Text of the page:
Simon Warr was a languages teacher who was accused of historic sexual abuse of three of his pupils.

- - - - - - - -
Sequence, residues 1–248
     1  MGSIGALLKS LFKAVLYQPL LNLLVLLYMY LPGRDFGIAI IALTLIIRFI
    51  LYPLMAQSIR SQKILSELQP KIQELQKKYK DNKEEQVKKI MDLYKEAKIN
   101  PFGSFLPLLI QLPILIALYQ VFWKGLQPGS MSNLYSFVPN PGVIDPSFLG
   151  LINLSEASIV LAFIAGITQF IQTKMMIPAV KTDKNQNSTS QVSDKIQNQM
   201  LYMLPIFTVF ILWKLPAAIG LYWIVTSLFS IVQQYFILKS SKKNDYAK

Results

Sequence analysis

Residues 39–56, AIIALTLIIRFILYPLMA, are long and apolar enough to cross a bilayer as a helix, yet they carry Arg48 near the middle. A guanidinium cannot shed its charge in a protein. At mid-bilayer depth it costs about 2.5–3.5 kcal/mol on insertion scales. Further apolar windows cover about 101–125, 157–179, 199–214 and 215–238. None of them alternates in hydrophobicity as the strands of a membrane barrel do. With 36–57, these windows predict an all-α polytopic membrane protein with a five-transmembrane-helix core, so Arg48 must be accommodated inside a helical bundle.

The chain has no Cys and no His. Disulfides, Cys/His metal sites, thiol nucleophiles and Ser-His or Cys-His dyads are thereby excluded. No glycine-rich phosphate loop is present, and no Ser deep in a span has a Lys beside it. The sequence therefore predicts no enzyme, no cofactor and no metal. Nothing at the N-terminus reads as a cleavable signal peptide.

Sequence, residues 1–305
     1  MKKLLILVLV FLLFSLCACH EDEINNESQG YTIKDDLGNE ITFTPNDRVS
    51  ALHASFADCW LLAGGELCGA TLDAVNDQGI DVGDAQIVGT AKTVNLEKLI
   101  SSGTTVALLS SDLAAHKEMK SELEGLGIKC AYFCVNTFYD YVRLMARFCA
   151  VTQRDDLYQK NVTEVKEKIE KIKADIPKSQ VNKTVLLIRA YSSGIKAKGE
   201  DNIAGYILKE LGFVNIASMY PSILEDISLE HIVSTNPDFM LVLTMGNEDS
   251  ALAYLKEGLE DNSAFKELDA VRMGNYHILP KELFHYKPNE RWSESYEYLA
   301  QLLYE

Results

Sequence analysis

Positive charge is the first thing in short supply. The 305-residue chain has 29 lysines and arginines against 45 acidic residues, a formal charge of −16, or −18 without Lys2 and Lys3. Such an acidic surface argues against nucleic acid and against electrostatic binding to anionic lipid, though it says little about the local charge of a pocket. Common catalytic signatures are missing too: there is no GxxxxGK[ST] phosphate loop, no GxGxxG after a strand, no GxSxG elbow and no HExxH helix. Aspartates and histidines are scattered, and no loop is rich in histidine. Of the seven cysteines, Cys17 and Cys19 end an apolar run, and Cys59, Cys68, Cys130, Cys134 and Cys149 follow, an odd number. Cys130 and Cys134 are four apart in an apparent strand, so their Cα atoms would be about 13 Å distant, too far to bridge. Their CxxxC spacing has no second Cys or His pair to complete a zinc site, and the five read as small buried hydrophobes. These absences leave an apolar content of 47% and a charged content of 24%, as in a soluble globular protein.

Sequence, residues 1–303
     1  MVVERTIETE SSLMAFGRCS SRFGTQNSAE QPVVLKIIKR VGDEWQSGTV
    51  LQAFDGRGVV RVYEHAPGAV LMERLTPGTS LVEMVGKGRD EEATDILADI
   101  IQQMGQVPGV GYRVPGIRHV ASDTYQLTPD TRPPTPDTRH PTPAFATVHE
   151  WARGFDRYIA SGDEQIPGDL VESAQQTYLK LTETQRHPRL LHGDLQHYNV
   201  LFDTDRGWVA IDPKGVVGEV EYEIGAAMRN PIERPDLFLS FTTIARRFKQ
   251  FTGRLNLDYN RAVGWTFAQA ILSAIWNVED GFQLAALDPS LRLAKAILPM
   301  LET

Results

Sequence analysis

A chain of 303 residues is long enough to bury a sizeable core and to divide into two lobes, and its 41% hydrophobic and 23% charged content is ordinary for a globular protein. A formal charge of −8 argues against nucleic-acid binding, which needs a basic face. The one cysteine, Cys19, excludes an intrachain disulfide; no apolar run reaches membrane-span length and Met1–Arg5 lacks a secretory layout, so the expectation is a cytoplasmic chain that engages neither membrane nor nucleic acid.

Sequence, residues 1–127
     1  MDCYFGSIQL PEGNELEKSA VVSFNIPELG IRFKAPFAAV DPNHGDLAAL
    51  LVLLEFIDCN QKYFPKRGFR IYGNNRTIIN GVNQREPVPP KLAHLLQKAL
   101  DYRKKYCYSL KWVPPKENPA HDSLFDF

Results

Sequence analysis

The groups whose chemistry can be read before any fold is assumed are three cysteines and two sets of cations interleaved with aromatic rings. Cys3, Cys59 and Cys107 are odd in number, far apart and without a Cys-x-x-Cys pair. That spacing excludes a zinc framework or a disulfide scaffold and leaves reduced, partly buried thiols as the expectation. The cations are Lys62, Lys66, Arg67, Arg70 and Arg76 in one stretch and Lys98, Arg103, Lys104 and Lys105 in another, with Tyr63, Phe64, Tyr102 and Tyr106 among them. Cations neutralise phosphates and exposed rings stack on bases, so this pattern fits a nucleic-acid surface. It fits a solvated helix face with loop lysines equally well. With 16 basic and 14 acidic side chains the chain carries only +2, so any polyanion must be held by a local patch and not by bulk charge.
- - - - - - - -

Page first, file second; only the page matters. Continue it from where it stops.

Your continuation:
The allegations were not, as these things go, particularly serious, although that was of little comfort. The worst was that in the 1980s he had handled a boy’s genitals under the pretext of making sure he had showered properly after PE. Although he had taught in the school, he had never taught the boy (“A”) in question, never taught PE and had no recollection of A at all. After he made his complaint to the police Mr Warr was arrested and bailed. He spent 664 days between arrest and trial. He lost his job – technically a resignation, but in effect a forced one – and the school house in which he was living and he was declared persona non grata on the school premises, cut out, he says, like a cancerous tumour. Two complainants also went to the police – or perhaps it would be more accurate to say the police came to them – with seemingly corroborative complaints, although in he end they proved to be as much contradictory as corroborative. Continue reading “Presumed Guilty by Simon Warr: A Review”